|Categories||Town and Country|
|Theme(s)|| Health nutrition and medicine,|
|Collection||Adams, Peter (Photographic)|
This mattress was found walled up in a house in Titchfield, Hampshire, and may date from the seventeenth century or earlier. It consists of thick plaits of three, sewn together and made of Carex, a type of sedge. The underneath is fluffy, like carpet pile, and is probably unfinished.
Such mattresses were used either for laying out the dead before they were placed in the coffin or for women in childbirth. Unsurprisingly, they would probably have been burnt after use, so this mattress may not have ever been used for either purpose.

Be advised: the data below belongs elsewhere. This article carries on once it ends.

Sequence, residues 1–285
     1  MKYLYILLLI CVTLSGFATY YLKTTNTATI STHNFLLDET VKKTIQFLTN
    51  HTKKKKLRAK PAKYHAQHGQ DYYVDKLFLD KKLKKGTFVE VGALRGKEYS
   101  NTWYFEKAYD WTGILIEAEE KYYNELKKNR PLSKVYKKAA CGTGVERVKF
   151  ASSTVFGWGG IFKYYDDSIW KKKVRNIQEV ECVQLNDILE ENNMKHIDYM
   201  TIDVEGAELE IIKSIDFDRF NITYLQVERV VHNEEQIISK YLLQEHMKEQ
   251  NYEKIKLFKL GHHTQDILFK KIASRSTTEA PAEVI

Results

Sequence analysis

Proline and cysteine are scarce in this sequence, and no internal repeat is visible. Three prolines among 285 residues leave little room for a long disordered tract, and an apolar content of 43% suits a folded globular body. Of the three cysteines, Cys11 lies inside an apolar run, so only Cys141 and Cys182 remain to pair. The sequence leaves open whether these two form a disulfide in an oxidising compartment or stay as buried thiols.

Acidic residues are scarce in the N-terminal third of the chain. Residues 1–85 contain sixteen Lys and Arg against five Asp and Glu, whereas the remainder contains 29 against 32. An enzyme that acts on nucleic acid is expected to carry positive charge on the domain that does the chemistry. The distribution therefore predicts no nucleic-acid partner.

These mattresses are also commonly found as part of tomb monuments, such as this one of Chaloner Chute (c.1595-1659) at the Vyne Estate in Hampshire. Used for both noble and common monuments, it may be a statement about Death as the great equaliser.